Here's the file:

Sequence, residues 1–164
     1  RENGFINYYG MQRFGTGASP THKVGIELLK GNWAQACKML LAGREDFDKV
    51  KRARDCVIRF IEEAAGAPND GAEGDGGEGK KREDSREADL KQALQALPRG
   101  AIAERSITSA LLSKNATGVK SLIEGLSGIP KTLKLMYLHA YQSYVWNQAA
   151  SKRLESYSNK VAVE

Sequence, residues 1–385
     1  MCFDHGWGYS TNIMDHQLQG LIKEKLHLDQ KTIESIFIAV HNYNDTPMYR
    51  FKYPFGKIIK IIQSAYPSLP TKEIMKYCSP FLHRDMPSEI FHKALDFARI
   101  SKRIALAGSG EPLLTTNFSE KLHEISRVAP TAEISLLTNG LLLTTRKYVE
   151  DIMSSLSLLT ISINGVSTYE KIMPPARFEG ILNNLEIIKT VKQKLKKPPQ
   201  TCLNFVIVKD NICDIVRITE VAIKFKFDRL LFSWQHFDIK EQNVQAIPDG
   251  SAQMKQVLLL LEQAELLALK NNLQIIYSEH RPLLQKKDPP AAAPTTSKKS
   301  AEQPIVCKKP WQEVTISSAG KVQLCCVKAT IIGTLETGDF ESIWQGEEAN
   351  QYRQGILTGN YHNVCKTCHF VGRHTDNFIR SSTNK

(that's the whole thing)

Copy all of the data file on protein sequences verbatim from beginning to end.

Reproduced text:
Sequence, residues 1–164
     1  RENGFINYYG MQRFGTGASP THKVGIELLK GNWAQACKML LAGREDFDKV
    51  KRARDCVIRF IEEAAGAPND GAEGDGGEGK KREDSREADL KQALQALPRG
   101  AIAERSITSA LLSKNATGVK SLIEGLSGIP KTLKLMYLHA YQSYVWNQAA
   151  SKRLESYSNK VAVE

Sequence, residues 1–385
     1  MCFDHGWGYS TNIMDHQLQG LIKEKLHLDQ KTIESIFIAV HNYNDTPMYR
    51  FKYPFGKIIK IIQSAYPSLP TKEIMKYCSP FLHRDMPSEI FHKALDFARI
   101  SKRIALAGSG EPLLTTNFSE KLHEISRVAP TAEISLLTNG LLLTTRKYVE
   151  DIMSSLSLLT ISINGVSTYE KIMPPARFEG ILNNLEIIKT VKQKLKKPPQ
   201  TCLNFVIVKD NICDIVRITE VAIKFKFDRL LFSWQHFDIK EQNVQAIPDG
   251  SAQMKQVLLL LEQAELLALK NNLQIIYSEH RPLLQKKDPP AAAPTTSKKS
   301  AEQPIVCKKP WQEVTISSAG KVQLCCVKAT IIGTLETGDF ESIWQGEEAN
   351  QYRQGILTGN YHNVCKTCHF VGRHTDNFIR SSTNK